Encelia farinosa

Provides a spectacular display of yellow flowers against gray foliage in late winter and early spring; peaking in early March. There are two recognized naturally occurring species:

  • Encelia farinosa var. farinosa (yellow disc florets)
  • Encelia farinosa var. phenicodonta (purple-brown disc florets)

Branches are brittle and woody with a fragrant resin. The hairs that give the leaves a silvery appearance protect the plant from heat and cold and also help reduce water loss. They grow in areas with some protection from the cold, like rocky hillsides, dry slopes and washes.

Flowers: J F M A M J J A S O N D
Status: Native
Origin: Disturbed sites and sloping terrain of southwestern United States (California, Arizona, Utah, and Nevada) and northern Mexico (Baja California, Baja California Sur, Sonora, Sinaloa, and Hidalgo)
Family: Asteraceae
Size: 5′ x 5′
Sun: Full and reflected
Watering: Supplemental for best appearance
Growth Rate: Fast
Soil: Tolerates a wide variety of soils
Temperature: Foliage damage below 28 degrees F
Pruning: Severely prune in late May to prevent shaggy form
Disease and Pests: Root rot in poorly drained soils, aphids and leafhoppers
Uses: The nectar and seeds are consumed by local wildlife and the shrub provides shelter for animals. Host for the Painted Lady  and Bay Checkerspot butterfly, a threatened species.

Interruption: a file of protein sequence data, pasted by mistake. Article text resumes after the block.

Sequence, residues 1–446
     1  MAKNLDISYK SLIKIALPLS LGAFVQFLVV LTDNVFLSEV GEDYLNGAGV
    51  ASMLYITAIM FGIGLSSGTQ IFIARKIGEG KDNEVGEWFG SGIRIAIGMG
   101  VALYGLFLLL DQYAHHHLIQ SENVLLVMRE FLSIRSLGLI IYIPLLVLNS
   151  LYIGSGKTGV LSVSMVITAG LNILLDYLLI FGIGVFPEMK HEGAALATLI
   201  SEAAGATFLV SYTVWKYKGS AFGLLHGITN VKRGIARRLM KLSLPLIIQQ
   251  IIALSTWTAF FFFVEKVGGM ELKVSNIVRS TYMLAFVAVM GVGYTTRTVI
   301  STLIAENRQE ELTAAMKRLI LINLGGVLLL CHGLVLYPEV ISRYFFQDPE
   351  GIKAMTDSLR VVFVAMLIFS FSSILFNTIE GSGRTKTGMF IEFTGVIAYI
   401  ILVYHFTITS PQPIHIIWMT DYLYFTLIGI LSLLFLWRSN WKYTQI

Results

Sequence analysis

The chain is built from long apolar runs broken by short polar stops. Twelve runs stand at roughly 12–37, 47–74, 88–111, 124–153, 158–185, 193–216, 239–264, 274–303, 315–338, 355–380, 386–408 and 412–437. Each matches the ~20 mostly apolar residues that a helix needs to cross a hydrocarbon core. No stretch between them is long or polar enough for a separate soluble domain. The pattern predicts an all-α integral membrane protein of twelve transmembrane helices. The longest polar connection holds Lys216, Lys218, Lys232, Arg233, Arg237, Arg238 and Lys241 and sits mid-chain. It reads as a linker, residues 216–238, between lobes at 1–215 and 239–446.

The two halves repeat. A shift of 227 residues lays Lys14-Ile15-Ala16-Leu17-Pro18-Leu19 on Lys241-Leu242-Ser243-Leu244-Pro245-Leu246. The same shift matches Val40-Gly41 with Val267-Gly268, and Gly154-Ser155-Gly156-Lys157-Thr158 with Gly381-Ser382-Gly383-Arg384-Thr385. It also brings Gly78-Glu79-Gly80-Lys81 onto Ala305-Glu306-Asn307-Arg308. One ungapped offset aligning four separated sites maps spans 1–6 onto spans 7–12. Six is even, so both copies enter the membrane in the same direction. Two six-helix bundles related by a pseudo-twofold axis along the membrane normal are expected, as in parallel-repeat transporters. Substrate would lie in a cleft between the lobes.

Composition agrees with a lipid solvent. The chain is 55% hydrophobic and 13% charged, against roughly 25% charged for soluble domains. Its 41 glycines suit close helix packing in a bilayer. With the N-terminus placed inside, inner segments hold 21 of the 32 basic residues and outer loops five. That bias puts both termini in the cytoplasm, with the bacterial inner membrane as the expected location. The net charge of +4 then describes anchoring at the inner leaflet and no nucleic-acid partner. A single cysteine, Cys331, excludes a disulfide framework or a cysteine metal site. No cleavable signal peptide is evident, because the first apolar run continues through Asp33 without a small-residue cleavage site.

Notes: May become summer deciduous without supplemental water. Reseeds readily in the garden.

Brittlebush has a history of uses by indigenous and pioneer peoples, including:

  • Glue – Tohono O’odham and Seri collected yellowish to brown resin from the base of the plant that was heated and used as a glue for points, arrows and harpoons
  • Sealer – resin was collected from the upper stems because it is more gummy and generally a clear yellow and used to seal pottery vessels
  • Incense – early Spanish friars learned that the resin made a highly fragrant incense, akin to frankincense in odor
  • Gum – Tohono O’odham children used upper stem resin as a passable chewing gum
  • Toothbrush – cowboys used brittlebush stem as a fine toothbrush
  • Medicinal – the bark was removed, heated in ash and then placed in the mouth to “harden” a loose tooth. 
  • The Cahuilla used brittlebush to treat toothaches and used it as a chest pain reliever by heating the gum and applying it to the chest
  • Waterproofing of containers
  • Varnish – tissues were melted and used as a varnish
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